This Is AuburnElectronic Theses and Dissertations

The Helicopter Parent Phenomenon: Examining the Effects of Strong Parental Attachment on the Transition of Millennial Emerging Adults from College to the Workplace




Riggsby-Gonzalez, Lyn

Type of Degree

PhD Dissertation


Education Foundation, Leadership, and Technology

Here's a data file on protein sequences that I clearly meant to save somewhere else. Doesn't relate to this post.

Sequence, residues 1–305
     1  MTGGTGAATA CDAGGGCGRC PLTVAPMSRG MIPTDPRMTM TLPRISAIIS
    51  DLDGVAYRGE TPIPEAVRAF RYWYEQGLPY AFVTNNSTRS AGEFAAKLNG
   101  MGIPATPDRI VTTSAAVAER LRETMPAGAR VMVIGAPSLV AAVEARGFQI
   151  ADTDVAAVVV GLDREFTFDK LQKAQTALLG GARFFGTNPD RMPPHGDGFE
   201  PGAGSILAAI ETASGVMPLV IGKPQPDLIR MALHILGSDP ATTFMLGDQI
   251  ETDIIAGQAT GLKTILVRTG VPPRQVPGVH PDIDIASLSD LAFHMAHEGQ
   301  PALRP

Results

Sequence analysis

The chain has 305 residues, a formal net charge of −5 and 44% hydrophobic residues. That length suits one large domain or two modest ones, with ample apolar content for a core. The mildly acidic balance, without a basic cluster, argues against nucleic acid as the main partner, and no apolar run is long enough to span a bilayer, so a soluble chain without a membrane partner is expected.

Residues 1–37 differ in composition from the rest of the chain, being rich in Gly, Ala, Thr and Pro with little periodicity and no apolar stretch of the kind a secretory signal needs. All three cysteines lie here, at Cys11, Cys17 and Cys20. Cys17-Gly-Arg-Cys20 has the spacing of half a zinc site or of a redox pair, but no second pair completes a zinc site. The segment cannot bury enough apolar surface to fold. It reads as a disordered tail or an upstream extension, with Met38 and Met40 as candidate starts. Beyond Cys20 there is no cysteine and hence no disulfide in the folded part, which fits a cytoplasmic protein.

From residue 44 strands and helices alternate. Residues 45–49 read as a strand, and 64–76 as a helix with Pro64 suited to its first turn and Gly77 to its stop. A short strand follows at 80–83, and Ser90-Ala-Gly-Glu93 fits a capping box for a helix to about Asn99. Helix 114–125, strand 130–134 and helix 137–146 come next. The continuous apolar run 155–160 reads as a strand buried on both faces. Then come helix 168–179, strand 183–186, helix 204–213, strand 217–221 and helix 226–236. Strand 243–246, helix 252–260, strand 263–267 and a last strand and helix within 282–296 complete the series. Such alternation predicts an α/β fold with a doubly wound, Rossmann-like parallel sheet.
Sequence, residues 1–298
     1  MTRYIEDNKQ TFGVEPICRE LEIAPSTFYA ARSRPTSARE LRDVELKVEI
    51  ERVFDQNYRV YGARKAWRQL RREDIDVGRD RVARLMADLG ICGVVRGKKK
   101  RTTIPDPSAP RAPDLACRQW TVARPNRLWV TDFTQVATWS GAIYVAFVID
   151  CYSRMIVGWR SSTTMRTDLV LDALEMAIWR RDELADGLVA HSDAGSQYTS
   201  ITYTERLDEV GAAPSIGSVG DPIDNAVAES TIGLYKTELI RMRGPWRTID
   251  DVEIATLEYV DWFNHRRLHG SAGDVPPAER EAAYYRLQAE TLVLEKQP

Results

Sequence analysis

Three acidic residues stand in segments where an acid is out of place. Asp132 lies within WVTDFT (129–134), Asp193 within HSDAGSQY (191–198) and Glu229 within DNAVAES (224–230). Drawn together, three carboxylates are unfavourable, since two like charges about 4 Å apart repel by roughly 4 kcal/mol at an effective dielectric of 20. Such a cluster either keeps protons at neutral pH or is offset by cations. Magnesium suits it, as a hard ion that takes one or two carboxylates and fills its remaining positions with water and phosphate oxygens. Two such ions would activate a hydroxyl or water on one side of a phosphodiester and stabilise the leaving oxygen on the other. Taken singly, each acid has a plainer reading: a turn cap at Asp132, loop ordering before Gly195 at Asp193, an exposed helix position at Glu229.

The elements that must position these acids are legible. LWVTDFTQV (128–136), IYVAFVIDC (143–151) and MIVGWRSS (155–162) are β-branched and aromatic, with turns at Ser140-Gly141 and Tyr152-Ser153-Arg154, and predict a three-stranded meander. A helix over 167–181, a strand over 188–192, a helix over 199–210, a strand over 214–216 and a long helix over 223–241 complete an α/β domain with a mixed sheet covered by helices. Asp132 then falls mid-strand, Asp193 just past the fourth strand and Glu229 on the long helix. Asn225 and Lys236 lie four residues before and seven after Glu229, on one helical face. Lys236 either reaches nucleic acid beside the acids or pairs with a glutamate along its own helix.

Helicopter parents are recognized for meddling in all aspects of the academic, social, and professional lives of their children. As a result, these children may be hindered in the development of essential applied skills, i.e. transferable/soft skills for educational and career success. The purpose of this study was to examine the impact of helicopter parenting on the development of transferable/soft skills necessary for career readiness and job preparation. A mixed methods approach was utilized for this study including a quantitative survey adapted from the Inventory of the Dimensions of Emerging Adulthood (IDEA) by Reifman, Arnett, and Coleman (2007) and parental involvement by Mitchell (2012), as well as transferable/soft skills identified by the National Association of Colleges and Employers (2015). The quantitative analysis for this study utilized both exploratory factor analysis (EFA) and analysis of variance (ANOVA). The qualitative portion of this study included sequential follow-up interviews with purposefully selected participants. A grounded theoretical approach using in-depth, semi-structured interviews for descriptive data collection and open, axial, and selective coding techniques for data analysis guided the qualitative methodology for this study. The participants for this study consisted of traditional-age college students (19-25 years) and parents. The initial survey phase of the study collected data from students (n=335). The secondary interview phase of the study included students (n=6) and parents (n=3). The EFA results revealed seven domains for emerging adulthood, which were labeled self-authorship, uncertainty, anxiety, individuation, accountability, positivity, and impulsiveness, as well as three domains for transferable/soft skills development, which were labeled emotional intelligence, information technology application, and professionalism. The ANOVAs revealed statistically significant results in relation to parental involvement for two domains of emerging adulthood (impulsiveness and accountability) and one domain related to transferable/soft skills (emotional intelligence). The majority of student participants (93%) self-reported a level of agreement (strongly agree to somewhat agree) with their core skills development. Further, 81% of student participants agreed they are experiencing the periods of emerging adulthood with the exception of feeling restricted, settling down, and responsibility for others. Most interestingly, student participants noted a preference for somewhat less involvement from parents during their time as a college student (¯X=2.42). During the qualitative interviews, participants noted the importance of the college experience including living away from home and peer socialization, as well as engagement in extracurricular activities and experiential education for transferable/soft skills development. The findings for this study are useful for college administrators for planning, policy development, and procedural improvement to better handle parental involvement, as well as for human resources professionals for managing the effects of parental presence in the workforce. Further, the findings are useful for students and parents in determining appropriate levels of parental involvement pertinent to students’ transferable/soft skills development for career success during the critical transition to the first-year in the workplace.